Canines, Stone explained, have four toes, with a very slight closure between the two middle toes and a wider opening between the two toes on the left and the two on the right, forming a distinct X shape across the footprint. Canines will also leave slight claw marks at the tops of their footprints. And while all canine prints will have the telltale X, it’s possible to determine which tracks in the backyard came from your pet dog and which came from a fox or coyote passing through, as wild dogs have a more rectangular print, Stone said, while most house dogs have a rounder print.

Members of the weasel family, including fishers, badgers, and otters, have five toes. Birds leave easily identifiable prints as well. Most birds have three toes in front and one in back, although the back toe doesn’t always leave a mark. Wild turkeys leave a three-pointed arrow shape in the snow. Grouse leave small cross-shaped prints that are easily iden­tifiable even in fluffy snow because their feet act as snowshoes and keep them on the surface.

Straddle, Slide, and other Signs

On firm snow, a mouse leaves a trail of footprints resembling a vine with leaves, with the feet close together and angled out, and the tail dragging a line in the snow between the feet.

If the snow is too fluffy to clearly identify all the toes, Stone said to look for other identifying characteristics such as the “straddle,” which refers to the space between the left-side footprints and the right-side prints. Felines—both domestic and feral—have very narrow straddles.

“There’s almost no differentiation between the right foot and the left foot and where it is from the middle,” Stone pointed out. “If you draw a line down a bobcat trail you’ll hit all of the footprints. It’s mostly a straight line, with just a little bit of offset.”

Wild dogs, she added, also have narrow straddles, although most domestic dogs’ straddles are much wider.

In fluffy snow, mice leave a pattern showing their whole bodies tunneling under the snow.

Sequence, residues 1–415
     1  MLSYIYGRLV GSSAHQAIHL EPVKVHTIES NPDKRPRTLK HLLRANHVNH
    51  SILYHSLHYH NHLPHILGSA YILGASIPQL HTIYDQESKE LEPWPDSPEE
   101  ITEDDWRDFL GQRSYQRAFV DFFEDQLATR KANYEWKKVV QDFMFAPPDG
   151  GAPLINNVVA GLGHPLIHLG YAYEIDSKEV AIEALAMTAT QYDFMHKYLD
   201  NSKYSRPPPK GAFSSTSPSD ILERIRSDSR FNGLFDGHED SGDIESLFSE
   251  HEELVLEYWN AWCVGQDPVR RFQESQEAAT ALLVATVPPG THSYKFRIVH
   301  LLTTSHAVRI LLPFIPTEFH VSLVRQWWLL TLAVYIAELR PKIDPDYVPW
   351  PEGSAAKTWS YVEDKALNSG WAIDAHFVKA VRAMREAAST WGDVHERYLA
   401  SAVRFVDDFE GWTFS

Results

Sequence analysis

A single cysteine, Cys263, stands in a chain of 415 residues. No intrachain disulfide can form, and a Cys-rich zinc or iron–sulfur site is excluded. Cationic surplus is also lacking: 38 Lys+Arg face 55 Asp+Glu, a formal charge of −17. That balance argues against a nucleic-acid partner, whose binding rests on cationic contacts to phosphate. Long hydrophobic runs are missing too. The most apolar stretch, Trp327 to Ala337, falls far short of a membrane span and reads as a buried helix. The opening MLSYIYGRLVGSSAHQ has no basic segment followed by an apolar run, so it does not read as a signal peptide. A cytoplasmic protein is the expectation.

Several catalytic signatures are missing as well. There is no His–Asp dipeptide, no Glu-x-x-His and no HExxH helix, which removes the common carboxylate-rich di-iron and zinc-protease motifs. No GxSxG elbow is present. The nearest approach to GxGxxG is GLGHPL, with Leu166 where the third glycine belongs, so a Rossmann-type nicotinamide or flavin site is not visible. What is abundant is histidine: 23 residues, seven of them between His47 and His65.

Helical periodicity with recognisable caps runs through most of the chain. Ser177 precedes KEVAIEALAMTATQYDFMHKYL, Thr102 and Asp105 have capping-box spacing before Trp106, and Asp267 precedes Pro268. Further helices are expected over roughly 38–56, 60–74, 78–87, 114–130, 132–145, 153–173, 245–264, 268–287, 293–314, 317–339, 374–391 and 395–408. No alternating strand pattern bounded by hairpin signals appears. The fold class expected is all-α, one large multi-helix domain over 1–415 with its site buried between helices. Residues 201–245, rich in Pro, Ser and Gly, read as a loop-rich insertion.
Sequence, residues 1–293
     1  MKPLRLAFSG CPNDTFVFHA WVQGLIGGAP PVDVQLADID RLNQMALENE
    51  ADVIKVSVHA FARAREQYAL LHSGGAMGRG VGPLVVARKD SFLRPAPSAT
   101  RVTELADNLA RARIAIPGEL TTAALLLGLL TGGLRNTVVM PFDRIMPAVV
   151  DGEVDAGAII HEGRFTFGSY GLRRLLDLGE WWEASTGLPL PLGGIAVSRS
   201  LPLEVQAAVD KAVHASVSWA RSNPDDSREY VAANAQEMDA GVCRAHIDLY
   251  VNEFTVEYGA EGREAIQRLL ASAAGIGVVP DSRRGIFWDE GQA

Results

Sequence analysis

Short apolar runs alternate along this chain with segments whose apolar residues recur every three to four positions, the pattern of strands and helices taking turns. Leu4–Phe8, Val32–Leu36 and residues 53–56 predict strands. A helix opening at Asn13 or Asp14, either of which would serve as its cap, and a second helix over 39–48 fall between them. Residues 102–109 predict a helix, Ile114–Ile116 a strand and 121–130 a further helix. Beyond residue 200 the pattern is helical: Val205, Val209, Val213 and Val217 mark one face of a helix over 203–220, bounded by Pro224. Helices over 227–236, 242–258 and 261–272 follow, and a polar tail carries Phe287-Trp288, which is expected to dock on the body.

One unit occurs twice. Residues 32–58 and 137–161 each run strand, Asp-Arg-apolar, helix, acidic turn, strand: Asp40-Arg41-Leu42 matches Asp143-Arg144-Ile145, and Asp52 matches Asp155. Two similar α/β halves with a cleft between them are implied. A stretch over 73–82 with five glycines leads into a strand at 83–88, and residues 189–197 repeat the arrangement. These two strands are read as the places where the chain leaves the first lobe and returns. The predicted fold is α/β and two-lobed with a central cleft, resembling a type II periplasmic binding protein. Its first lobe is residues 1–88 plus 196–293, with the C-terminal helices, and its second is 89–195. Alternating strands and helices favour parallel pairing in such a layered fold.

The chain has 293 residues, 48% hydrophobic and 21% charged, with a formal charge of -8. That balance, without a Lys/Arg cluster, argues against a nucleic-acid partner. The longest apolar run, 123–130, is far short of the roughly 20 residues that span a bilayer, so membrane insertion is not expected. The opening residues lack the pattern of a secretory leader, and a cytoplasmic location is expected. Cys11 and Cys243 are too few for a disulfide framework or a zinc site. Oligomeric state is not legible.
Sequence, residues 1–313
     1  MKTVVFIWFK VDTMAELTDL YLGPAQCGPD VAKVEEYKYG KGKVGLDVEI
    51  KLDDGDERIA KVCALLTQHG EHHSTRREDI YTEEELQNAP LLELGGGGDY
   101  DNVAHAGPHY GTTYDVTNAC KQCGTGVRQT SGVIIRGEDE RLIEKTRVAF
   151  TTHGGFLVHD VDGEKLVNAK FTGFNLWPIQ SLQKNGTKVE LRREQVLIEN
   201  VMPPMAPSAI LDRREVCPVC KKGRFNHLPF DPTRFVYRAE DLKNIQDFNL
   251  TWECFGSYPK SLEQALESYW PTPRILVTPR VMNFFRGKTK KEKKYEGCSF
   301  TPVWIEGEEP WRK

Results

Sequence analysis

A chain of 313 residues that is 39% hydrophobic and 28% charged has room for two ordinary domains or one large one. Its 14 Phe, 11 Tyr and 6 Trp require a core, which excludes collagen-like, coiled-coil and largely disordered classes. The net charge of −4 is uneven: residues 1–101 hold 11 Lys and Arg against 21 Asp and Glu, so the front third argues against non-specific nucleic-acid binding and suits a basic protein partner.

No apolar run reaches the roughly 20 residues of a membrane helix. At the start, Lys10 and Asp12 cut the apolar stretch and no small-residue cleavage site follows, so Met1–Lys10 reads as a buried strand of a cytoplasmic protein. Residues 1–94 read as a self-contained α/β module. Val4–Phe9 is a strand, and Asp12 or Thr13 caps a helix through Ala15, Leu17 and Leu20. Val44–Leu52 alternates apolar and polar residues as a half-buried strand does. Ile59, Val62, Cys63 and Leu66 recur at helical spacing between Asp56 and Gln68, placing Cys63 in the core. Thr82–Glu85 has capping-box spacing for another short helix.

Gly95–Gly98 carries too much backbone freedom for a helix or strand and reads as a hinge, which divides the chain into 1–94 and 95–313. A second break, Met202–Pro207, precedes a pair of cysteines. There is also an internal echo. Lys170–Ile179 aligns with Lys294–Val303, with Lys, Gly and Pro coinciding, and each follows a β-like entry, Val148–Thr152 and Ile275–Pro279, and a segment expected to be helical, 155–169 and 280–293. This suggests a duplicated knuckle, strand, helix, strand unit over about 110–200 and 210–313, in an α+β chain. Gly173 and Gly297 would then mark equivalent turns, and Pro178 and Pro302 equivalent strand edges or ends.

In other mammals, the track pattern is more telling than the toe count. Hoppers, including cottontail rabbits, snowshoe hares, squirrels, and deer mice, have distinctive track patterns due to the way they move.

Unlike felines, canines, and deer, all of which carry more of their body weight in front and therefore have larger front feet, hoppers’ bigger hind feet hold the most power. When they leap, Stone explained, they land on their front feet and their hind feet come around the sides to push them off again, putting their larger back footprints in front.

The footprints can also reveal where the hoppers live. Squirrels, with their front feet positioned close together, are known as paired front foot hoppers, which means they spend much of their time in trees, Stone explained. Deer mice are also paired front foot hoppers, an indication that they too are excellent tree climbers. Rabbits and hares, on the other hand, are diagonal front foot hoppers, with feet that are offset from each other. This indicates they spend most of their time on the ground.

Tracks of hoppers, such as the snowshoe hare that left this trail, are easily identifiable by the large hind feet marks that point in the direction of travel. Follow the tracks for other behavior clues; here, the tracks are leading away from a brush pile where the rabbit was taking shelter.

Toe counts aren’t necessary to identify otters, either. The webbing between their five toes may leave a noticeable outline from toe to toe, but otters also make their mark in the snow by sliding across it, with their arms held back along their sides.

“They’ll run a few steps to get some momentum and then they’ll flop down on their bellies,” Stone explained. “So their pattern is run, run, run, slide.”

Sliding otter marks might very well lead you to water, as otters are more likely to appear near the lakes where they fish and play. However, Stone said they travel widely between lakes so you can still find sliding otter tracks in the woods. “They will slide downhill toward a lake but they can slide level and even uphill,” she said.

Other animals that are more easily identified by their track patterns than their toes are the rodents like mice, voles, and shrews. These small mammals, Stone said, are very active in the winter, but because they burrow under the snow to look for seeds, hide from predators, and stay warm, they’re more likely to leave marks of their full body as they tunnel beneath the snow.

Voles are related to mice but they leave very different marks, as they walk instead of hop, and they don’t leave a tail drag. The vole that walked this path left his footprints as it tunneled through the snow.